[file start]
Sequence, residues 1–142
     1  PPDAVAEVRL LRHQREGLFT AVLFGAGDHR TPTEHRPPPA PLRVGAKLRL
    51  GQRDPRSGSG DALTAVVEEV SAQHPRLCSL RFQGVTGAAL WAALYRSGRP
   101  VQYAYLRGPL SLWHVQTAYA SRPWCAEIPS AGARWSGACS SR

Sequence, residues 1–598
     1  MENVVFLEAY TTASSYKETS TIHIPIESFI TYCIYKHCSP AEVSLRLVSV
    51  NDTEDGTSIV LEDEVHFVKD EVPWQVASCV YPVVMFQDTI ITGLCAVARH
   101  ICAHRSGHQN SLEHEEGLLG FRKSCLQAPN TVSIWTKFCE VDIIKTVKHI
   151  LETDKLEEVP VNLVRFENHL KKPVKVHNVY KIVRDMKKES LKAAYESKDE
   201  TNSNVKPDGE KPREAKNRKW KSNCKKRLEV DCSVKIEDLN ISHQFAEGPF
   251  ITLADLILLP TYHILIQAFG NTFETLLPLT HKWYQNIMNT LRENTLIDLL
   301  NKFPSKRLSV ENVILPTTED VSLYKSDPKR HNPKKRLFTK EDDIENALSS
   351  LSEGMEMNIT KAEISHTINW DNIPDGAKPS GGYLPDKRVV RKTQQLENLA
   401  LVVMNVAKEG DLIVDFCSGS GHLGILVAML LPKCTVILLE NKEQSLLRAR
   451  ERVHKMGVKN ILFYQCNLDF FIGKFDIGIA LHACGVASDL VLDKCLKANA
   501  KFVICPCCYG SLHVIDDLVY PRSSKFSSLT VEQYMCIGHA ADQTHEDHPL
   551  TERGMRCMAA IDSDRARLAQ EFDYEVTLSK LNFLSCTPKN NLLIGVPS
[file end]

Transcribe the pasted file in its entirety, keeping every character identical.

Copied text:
Sequence, residues 1–142
     1  PPDAVAEVRL LRHQREGLFT AVLFGAGDHR TPTEHRPPPA PLRVGAKLRL
    51  GQRDPRSGSG DALTAVVEEV SAQHPRLCSL RFQGVTGAAL WAALYRSGRP
   101  VQYAYLRGPL SLWHVQTAYA SRPWCAEIPS AGARWSGACS SR

Sequence, residues 1–598
     1  MENVVFLEAY TTASSYKETS TIHIPIESFI TYCIYKHCSP AEVSLRLVSV
    51  NDTEDGTSIV LEDEVHFVKD EVPWQVASCV YPVVMFQDTI ITGLCAVARH
   101  ICAHRSGHQN SLEHEEGLLG FRKSCLQAPN TVSIWTKFCE VDIIKTVKHI
   151  LETDKLEEVP VNLVRFENHL KKPVKVHNVY KIVRDMKKES LKAAYESKDE
   201  TNSNVKPDGE KPREAKNRKW KSNCKKRLEV DCSVKIEDLN ISHQFAEGPF
   251  ITLADLILLP TYHILIQAFG NTFETLLPLT HKWYQNIMNT LRENTLIDLL
   301  NKFPSKRLSV ENVILPTTED VSLYKSDPKR HNPKKRLFTK EDDIENALSS
   351  LSEGMEMNIT KAEISHTINW DNIPDGAKPS GGYLPDKRVV RKTQQLENLA
   401  LVVMNVAKEG DLIVDFCSGS GHLGILVAML LPKCTVILLE NKEQSLLRAR
   451  ERVHKMGVKN ILFYQCNLDF FIGKFDIGIA LHACGVASDL VLDKCLKANA
   501  KFVICPCCYG SLHVIDDLVY PRSSKFSSLT VEQYMCIGHA ADQTHEDHPL
   551  TERGMRCMAA IDSDRARLAQ EFDYEVTLSK LNFLSCTPKN NLLIGVPS